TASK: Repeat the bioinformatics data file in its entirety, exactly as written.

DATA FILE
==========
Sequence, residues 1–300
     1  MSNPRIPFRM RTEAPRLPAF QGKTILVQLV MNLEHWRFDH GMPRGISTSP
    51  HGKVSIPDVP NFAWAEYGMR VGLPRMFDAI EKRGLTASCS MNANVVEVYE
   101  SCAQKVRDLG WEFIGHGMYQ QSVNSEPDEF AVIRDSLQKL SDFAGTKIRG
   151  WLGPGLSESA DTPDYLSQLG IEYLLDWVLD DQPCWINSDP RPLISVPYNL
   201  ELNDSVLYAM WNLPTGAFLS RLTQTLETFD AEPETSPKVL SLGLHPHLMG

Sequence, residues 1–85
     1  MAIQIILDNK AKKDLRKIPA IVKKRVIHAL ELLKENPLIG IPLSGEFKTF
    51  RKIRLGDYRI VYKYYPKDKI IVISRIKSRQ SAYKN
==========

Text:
Sequence, residues 1–300
     1  MSNPRIPFRM RTEAPRLPAF QGKTILVQLV MNLEHWRFDH GMPRGISTSP
    51  HGKVSIPDVP NFAWAEYGMR VGLPRMFDAI EKRGLTASCS MNANVVEVYE
   101  SCAQKVRDLG WEFIGHGMYQ QSVNSEPDEF AVIRDSLQKL SDFAGTKIRG
   151  WLGPGLSESA DTPDYLSQLG IEYLLDWVLD DQPCWINSDP RPLISVPYNL
   201  ELNDSVLYAM WNLPTGAFLS RLTQTLETFD AEPETSPKVL SLGLHPHLMG

Sequence, residues 1–85
     1  MAIQIILDNK AKKDLRKIPA IVKKRVIHAL ELLKENPLIG IPLSGEFKTF
    51  RKIRLGDYRI VYKYYPKDKI IVISRIKSRQ SAYKN